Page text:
Monday, March 28, 2011
"From the "persistent cookies" that track our every move across the internet to indexing dissidents already preemptively detained in public and private data bases: threats to our freedom to speak out without harassment, or worse, have never been greater."
Biometrics, Facial Mapping, "Computer-Aided ID"....
by Tom Burghardt
The signs of a pervasive surveillance state are all around us. From the "persistent cookies" that track our every move across the internet to indexing dissidents already preemptively detained in public and private data bases: threats to our freedom to speak out without harassment, or worse, have never been greater.
As constitutional scholar Jack Balkin warned, the transformation of what was once a democratic republic based on the rule of law into a "National Surveillance State," feature "huge investments in electronic surveillance and various end runs around traditional Bill of Rights protections and expectations about procedure."
"These end runs," Balkin wrote, "included public private cooperation in surveillance and exchange of information, expansion of the state secrets doctrine, expansion of administrative warrants and national security letters, a system of preventive detention, expanded use of military prisons, extraordinary rendition to other countries, and aggressive interrogation techniques outside of those countenanced by the traditional laws of war."
Continuing the civil liberties' onslaught, The Wall Street Journal reported last week that Barack Obama's "change" regime has issued new rules that "allow investigators to hold domestic-terror suspects longer than others without giving them a Miranda warning, significantly expanding exceptions to the instructions that have governed the handling of criminal suspects for more than four decades."
The Journal points out that the administrative "revision" of long-standing rules and case law "marks another step back from [Obama's] pre-election criticism of unorthodox counterterror methods."
Also last week, The Raw Story revealed that the FBI has plans to "embark on a $1 billion biometrics project and construct an advanced biometrics facility to be shared with the Pentagon."
The Bureau's new biometrics center, part of which is already operating in Clarksburg, West Virginia, "will be based on a system constructed by defense contractor Lockheed Martin."
"Starting with fingerprints," The Raw Story disclosed, the center will function as "a global law enforcement database for the sharing of those biometric images." Once ramped-up "the system is slated to expand outward, eventually encompassing facial mapping and other advanced forms of computer-aided identification."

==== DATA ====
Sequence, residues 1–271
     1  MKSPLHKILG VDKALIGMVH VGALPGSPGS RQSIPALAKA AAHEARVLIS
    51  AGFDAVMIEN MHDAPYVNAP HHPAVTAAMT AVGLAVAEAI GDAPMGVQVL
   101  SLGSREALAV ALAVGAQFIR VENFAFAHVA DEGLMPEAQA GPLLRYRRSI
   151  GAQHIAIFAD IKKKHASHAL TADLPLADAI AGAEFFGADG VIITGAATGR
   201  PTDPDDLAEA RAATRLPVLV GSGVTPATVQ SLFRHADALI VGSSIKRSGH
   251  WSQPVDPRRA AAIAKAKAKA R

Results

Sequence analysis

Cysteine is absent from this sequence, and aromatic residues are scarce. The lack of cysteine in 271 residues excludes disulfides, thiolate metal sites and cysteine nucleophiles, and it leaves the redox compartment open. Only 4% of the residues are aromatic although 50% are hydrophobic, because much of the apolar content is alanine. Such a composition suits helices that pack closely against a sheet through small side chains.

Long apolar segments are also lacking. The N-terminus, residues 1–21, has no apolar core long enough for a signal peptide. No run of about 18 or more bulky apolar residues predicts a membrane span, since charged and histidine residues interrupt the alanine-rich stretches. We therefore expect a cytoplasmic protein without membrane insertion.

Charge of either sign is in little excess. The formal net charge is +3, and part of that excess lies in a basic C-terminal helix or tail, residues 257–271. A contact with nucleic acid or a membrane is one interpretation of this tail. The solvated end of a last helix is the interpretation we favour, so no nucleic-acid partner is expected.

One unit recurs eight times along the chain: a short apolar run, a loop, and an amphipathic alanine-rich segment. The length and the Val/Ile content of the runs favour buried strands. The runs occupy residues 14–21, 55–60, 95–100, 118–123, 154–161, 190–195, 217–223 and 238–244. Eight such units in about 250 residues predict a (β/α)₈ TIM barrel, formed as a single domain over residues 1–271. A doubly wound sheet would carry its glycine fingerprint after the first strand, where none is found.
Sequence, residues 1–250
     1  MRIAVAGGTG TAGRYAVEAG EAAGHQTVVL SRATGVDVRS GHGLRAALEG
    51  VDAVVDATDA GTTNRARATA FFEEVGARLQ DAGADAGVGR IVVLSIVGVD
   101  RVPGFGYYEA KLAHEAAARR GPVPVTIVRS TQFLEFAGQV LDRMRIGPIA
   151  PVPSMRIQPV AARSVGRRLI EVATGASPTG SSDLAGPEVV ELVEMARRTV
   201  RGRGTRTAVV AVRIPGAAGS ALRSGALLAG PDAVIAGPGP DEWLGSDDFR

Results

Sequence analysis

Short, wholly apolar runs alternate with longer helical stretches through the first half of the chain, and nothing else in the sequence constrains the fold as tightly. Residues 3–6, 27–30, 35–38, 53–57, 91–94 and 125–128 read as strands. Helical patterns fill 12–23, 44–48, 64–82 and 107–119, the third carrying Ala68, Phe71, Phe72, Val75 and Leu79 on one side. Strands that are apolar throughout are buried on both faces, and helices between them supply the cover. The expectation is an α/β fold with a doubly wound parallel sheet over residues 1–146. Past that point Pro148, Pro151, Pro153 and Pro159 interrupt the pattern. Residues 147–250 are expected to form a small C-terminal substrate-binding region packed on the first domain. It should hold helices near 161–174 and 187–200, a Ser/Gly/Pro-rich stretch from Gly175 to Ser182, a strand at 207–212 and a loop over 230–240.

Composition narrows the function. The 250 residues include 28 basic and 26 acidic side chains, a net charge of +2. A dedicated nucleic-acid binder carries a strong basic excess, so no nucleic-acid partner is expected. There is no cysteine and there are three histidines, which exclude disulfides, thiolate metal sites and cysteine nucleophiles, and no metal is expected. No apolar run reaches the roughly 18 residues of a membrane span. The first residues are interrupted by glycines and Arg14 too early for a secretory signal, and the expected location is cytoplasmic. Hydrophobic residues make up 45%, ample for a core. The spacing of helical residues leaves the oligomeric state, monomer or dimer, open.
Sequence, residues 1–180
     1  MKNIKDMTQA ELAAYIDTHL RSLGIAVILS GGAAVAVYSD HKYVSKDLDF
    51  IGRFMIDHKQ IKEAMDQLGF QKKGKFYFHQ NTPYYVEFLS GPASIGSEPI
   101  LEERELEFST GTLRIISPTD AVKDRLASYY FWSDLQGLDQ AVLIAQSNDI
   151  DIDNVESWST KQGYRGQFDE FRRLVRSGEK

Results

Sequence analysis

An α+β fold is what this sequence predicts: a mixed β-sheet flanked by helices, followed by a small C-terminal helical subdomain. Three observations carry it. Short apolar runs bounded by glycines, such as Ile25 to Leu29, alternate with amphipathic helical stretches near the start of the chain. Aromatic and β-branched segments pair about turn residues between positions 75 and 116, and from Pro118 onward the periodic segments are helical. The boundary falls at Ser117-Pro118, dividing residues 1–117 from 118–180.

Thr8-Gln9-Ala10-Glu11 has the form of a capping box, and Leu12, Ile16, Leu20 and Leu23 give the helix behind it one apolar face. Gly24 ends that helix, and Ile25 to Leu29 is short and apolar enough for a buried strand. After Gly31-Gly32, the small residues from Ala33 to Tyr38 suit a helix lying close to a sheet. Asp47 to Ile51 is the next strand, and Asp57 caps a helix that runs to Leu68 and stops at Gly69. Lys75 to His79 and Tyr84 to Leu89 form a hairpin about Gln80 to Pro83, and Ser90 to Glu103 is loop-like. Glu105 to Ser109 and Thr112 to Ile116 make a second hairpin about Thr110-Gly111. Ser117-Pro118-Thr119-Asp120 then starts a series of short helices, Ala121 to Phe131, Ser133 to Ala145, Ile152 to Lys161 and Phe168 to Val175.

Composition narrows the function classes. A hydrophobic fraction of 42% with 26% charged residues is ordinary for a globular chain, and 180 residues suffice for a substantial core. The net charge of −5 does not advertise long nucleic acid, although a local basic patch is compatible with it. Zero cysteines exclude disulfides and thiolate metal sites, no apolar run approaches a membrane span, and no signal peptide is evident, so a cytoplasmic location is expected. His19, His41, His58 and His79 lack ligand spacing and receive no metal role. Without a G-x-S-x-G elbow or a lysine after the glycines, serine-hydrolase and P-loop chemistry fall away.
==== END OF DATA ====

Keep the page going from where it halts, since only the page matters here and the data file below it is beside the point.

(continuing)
The transformation of the FBI into a political Department of Precrime is underscored by moves to gift state and local police agencies with electronic fingerprint scanners. Local cops would be "empowered to capture prints from any suspect, even if they haven't been arrested or convicted of a crime."
"In such a context," Stephen Graham cautions in Cities Under Siege, "Western security and military doctrine is being rapidly imagined in ways that dramatically blur the juridical and operational separation between policing, intelligence and the military; distinctions between war and peace; and those between local, national and global operations."
This precarious state of affairs, Graham avers, under conditions of global economic crisis in the so-called democratic West as well as along the periphery in what was once called the Third World, has meant that "wars and associated mobilizations ... become both boundless and more or less permanent."
Under such conditions, Dick Cheney's infamous statement that the "War on Terror" might last "decades" means, according to Graham, that "emerging security policies are founded on the profiling of individuals, places, behaviours, associations, and groups."
But to profile more effectively, whether in Cairo, Kabul, or New York, state security apparatchiks and their private partners find it necessary to squeeze ever more data from a surveillance system already glutted by an overabundance of "situational awareness."
"Last October," Secrecy News reported, "the DNI revealed that the FY2010 budget for the National Intelligence Program (NIP) was $53.1 billion. And the Secretary of Defense revealed that the FY2010 budget for the Military Intelligence Program (MIP) was $27.0 billion, the first time the MIP budget had been disclosed, for an aggregate total intelligence budget of $80.1 billion for FY 2010."
This excludes of course, the CIA and Pentagon's black budget that hides a welter of top secret and above Special Access Programs under a dizzying array of code names and acronyms. In February, Wired disclosed that the black budget "appears to be about $56 billion, the same as last year," but this "may only be the tip of an iceberg of secret funds."
While the scandalous nature of such outlays during a period of intense economic and social attacks on the working class are obvious, less obvious are the means employed by the so-called "intelligence community" to defend an indefensible system of exploitation and corruption.